More information

REPORTING AN OFFENCE TO THE POLICE: A GUIDE TO CRIMINAL INVESTIGATIONS

REPORTING AN OFFENCE TO THE POLICE: A GUIDE TO CRIMINAL INVESTIGATIONS REPORTING AN OFFENCE TO THE POLICE: A GUIDE TO CRIMINAL INVESTIGATIONS If you are experiencing or have experienced domestic volence and/or sexual violence there are a number of ways the law can protect

More information

Dealing with Allegations of Abuse Against Staff in Schools. Practice Guidance

Dealing with Allegations of Abuse Against Staff in Schools. Practice Guidance Dealing with Allegations of Abuse Against Staff in Schools Practice Guidance About this guidance This is statutory guidance from the Department for Education. Schools and colleges must have regard to it

More information

Monitoring student sexual orientation and gender identity in further and higher education

Monitoring student sexual orientation and gender identity in further and higher education Monitoring student sexual orientation and gender identity in further and higher education Foreword Welcome to this briefing on the monitoring of sexual orientation and gender identity of students in further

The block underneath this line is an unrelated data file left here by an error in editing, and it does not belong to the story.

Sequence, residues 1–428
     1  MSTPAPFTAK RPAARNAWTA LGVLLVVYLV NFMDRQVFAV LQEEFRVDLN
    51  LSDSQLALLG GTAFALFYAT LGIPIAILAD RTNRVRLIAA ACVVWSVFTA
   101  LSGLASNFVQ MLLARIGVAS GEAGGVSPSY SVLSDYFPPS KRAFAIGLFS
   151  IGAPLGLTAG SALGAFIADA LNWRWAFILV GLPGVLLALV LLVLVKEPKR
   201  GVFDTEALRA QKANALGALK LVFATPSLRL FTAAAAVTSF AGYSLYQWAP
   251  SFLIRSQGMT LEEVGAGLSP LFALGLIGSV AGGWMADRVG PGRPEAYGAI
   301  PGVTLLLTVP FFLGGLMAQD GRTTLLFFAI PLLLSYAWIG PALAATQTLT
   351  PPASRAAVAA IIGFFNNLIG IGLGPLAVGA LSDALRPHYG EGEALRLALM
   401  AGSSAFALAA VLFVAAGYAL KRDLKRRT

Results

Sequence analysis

More information

DISCLOSURE & BARRING SERVICE (DBS) POLICY

DISCLOSURE & BARRING SERVICE (DBS) POLICY DISCLOSURE & BARRING SERVICE (DBS) POLICY Human Resources and Organisational Development Changes February 2009: Policy introduced April 2010: Styling revised in line with corporate guidelines September

More information

Equality, Diversity & Inclusion (EDI) Policy Version 2.1

Equality, Diversity & Inclusion (EDI) Policy Version 2.1 Equality, Diversity & Inclusion (EDI) Policy Version 2.1 Original Author: Ariana Henderson Version 2.1 updated August 2013 Contents Confetti Institute of Creative Technologies... 2 Mission Statement...

More information

Chapter 7: Consideration for Listing 1. When Disclosure Scotland receives information which has a bearing on an individual s suitability to work with

Chapter 7: Consideration for Listing 1. When Disclosure Scotland receives information which has a bearing on an individual s suitability to work with Chapter 7: Consideration for Listing 1. When Disclosure Scotland receives information which has a bearing on an individual s suitability to work with vulnerable groups, Disclosure Scotland will undertake